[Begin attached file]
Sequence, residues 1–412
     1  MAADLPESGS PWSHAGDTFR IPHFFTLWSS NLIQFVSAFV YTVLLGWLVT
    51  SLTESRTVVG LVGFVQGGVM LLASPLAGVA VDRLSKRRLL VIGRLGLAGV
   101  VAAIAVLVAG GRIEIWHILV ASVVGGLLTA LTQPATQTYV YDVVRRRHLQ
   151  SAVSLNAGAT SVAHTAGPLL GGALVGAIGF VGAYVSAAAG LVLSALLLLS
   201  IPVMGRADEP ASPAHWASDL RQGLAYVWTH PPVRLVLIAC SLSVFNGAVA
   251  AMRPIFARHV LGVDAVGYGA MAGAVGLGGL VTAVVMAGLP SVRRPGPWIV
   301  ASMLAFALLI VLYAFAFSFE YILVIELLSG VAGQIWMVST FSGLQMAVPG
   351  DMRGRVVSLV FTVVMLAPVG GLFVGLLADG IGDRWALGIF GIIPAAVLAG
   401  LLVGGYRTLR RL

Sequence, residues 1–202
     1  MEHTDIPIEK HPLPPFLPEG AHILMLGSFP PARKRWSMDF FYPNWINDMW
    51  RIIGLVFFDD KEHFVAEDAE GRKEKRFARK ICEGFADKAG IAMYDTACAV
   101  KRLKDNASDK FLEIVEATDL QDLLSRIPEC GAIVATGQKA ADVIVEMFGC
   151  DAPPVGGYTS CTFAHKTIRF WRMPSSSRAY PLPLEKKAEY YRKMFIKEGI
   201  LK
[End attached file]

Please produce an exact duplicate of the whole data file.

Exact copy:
Sequence, residues 1–412
     1  MAADLPESGS PWSHAGDTFR IPHFFTLWSS NLIQFVSAFV YTVLLGWLVT
    51  SLTESRTVVG LVGFVQGGVM LLASPLAGVA VDRLSKRRLL VIGRLGLAGV
   101  VAAIAVLVAG GRIEIWHILV ASVVGGLLTA LTQPATQTYV YDVVRRRHLQ
   151  SAVSLNAGAT SVAHTAGPLL GGALVGAIGF VGAYVSAAAG LVLSALLLLS
   201  IPVMGRADEP ASPAHWASDL RQGLAYVWTH PPVRLVLIAC SLSVFNGAVA
   251  AMRPIFARHV LGVDAVGYGA MAGAVGLGGL VTAVVMAGLP SVRRPGPWIV
   301  ASMLAFALLI VLYAFAFSFE YILVIELLSG VAGQIWMVST FSGLQMAVPG
   351  DMRGRVVSLV FTVVMLAPVG GLFVGLLADG IGDRWALGIF GIIPAAVLAG
   401  LLVGGYRTLR RL

Sequence, residues 1–202
     1  MEHTDIPIEK HPLPPFLPEG AHILMLGSFP PARKRWSMDF FYPNWINDMW
    51  RIIGLVFFDD KEHFVAEDAE GRKEKRFARK ICEGFADKAG IAMYDTACAV
   101  KRLKDNASDK FLEIVEATDL QDLLSRIPEC GAIVATGQKA ADVIVEMFGC
   151  DAPPVGGYTS CTFAHKTIRF WRMPSSSRAY PLPLEKKAEY YRKMFIKEGI
   201  LK